ABOSO BENSO D/A SCHOOL: GHANA
We are proud to announce the completion in late spring 2015 of a two-classroom school house in the village of Gomoa Akroful, Ghana. Thanks to a generous donation from Leslie Moser's Harvard Business School section which covered almost 60% of the costs for this project, Gary's Fund provided the funding to complete a beautiful and spacious school which was desperately needed for the community's pre-school and kindergarten students. As with all of our projects, 100% of our donated funds went to the construction costs and materials, not a dime was spent on administrative or overhead costs in Ghana.
The community of Gomoa Akroful is a poor agricultural village with a population of about 4,000. It is located approximately 2 hours southwest of the Ghanaian capitol city of Accra.
Gomoa Akroful has shown a strong committment to the education of its children going back over 70 years. The people there have managed to continuously maintain and operate a primary school which was built for them in 1947 by the British government. However, three years ago when we first received our project proposal, the primary school was at full capacity with no space for kindergarten or pre-school classes.
In Ghana, the formalization of early childhood education is a relatively recent development and has created the need for pre-schools.
Because this is a poor community lacking the resources to construct a pre-school, prior to our project, the village's youngest students were attending class with their teacher in the only available structure…a dilapidated, unhygienic goat shed. The shed had space for 20-30 children at most and the roof leaked so badly class could not be held on rainy days.
Due to space limitations and the deplorable conditions, many other young children in the community who wanted to attend pre-school were forced to stay home.
In November 2014, Gary's Fund accepted a proposal to fund the construction of a pre-school/kindergarten in the village of Gomoa Akroful.
In early 2015, Gary's Fund made a donation of $13,000 to our partner in Ghana, Ghanaian Mothers Hope, in order to completely fund the construction of this school including:
An office and store room,
A 5-seater latrine,
Furniture and books.
THE COMMUNITY''S CONTRIBUTION:
The existing primary school has a school management team and parent teacher association and managed to raise a portion of the funds for the construction of our pre-school project.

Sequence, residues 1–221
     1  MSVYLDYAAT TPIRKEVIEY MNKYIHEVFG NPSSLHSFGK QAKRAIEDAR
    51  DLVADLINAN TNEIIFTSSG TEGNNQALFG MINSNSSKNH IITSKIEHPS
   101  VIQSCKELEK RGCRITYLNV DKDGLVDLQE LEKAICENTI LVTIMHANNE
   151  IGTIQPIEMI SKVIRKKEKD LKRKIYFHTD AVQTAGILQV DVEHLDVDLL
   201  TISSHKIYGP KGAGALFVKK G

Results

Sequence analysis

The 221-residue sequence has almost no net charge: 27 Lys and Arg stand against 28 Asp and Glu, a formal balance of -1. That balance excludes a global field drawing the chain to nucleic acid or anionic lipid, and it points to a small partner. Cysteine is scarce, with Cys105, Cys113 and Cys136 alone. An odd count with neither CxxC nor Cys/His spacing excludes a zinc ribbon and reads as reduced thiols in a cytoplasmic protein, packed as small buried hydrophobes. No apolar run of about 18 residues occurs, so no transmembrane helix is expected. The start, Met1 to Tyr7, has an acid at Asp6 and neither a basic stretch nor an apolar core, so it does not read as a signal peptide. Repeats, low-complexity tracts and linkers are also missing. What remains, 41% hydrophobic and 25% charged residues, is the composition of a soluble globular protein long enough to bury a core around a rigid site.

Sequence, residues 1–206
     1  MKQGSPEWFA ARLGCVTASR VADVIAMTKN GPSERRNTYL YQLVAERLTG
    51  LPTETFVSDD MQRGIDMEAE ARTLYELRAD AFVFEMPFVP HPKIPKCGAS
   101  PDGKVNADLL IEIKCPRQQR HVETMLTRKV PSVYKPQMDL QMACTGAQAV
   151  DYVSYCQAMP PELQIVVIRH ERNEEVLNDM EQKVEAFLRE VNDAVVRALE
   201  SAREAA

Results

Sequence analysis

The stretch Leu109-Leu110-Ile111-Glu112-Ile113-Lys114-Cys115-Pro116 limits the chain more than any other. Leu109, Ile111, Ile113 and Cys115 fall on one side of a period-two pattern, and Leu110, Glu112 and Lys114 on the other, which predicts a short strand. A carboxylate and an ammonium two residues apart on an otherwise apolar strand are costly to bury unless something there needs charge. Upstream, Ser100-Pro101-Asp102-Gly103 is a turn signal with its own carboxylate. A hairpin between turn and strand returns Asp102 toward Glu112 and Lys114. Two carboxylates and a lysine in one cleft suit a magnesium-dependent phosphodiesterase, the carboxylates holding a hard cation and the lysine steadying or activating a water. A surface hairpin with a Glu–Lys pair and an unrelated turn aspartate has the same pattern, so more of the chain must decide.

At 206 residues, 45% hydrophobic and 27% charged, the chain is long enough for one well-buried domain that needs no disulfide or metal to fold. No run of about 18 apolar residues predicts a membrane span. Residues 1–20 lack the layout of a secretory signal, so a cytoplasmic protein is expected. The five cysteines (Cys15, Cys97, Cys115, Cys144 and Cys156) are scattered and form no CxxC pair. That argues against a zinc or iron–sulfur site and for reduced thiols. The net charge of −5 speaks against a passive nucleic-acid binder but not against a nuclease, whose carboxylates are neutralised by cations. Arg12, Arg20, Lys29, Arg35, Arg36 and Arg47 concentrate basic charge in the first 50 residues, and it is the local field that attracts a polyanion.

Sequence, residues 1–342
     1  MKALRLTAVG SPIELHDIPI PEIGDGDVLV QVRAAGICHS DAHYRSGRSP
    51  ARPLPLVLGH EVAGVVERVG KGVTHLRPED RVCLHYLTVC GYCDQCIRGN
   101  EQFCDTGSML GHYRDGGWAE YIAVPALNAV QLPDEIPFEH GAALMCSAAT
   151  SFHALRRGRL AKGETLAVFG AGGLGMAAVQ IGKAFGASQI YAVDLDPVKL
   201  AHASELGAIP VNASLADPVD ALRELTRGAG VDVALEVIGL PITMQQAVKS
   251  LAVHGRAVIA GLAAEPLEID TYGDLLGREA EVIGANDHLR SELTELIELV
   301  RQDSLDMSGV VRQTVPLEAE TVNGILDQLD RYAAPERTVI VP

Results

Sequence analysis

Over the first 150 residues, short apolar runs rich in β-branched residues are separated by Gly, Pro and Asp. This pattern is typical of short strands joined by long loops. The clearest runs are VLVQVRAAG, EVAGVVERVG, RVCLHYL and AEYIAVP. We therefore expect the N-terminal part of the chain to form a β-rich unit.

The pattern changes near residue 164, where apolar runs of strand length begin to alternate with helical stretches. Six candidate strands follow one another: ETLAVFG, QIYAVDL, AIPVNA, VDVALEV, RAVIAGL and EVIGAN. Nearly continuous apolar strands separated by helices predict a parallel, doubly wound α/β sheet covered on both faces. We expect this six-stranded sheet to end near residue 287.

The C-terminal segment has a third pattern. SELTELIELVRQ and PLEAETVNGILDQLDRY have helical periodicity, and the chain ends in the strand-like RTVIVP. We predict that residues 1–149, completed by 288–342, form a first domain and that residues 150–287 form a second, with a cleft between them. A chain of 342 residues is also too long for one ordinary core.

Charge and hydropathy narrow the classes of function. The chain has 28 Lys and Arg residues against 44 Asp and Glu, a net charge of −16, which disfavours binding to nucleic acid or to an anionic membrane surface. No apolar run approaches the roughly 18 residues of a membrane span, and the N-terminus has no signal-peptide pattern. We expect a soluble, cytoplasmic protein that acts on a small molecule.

The local district education office provided educational materials.
A SUCCESSFUL PROJECT:
Our school in Ghana was completed in late spring 2015 and was immediately occupied by around 30 young children in grades Kindergarten-1 and Kindergarten-2 along with their teachers. As 2017 draws to a close the school is thriving with an enrollment of 73 children at the end of last term.
Because Aboso Benso D/A School was technically operational prior to our project (even though it was located in an abandoned goat shed), and was loosely affiliated with the village primary school, it is already registered as a government school with the Ghanaian Ministry of Education.
All photos provided by Ghanaian Mothers Hope.
2018 - AN UPDATE:
Gary's Fund was recently in touch directly with the school's head teacher, Irene Essel who has thanked us once again for this project. The school is nowable to accommodate twice the number of children for pre-school/kindergarten than it was prior to our project.
Today 4 teachers are happily working with 70 young students. Gary's Fund recently donated the funds to provide the application of the external and internal cement plastering and paint for the classroom building. These funds will also allow for the finishing of the storeroom and teachers' office. Brightly colored paint is important to the local culture and will be a major enhancement for the school. We are delighted to continue supporting this school project and look forward to adding updates as they become available.
2017 -Twp years after the completion of our project Aboso Benso D/A Pre-school continues to thrive. Last school year 73 young children were enrolled, about triple the number of children who previously attend pre-school/kindergarten when class was being held in a tiny, dilapidated goat shed. As word spreads the headmistress of the school expects enrollment to increase.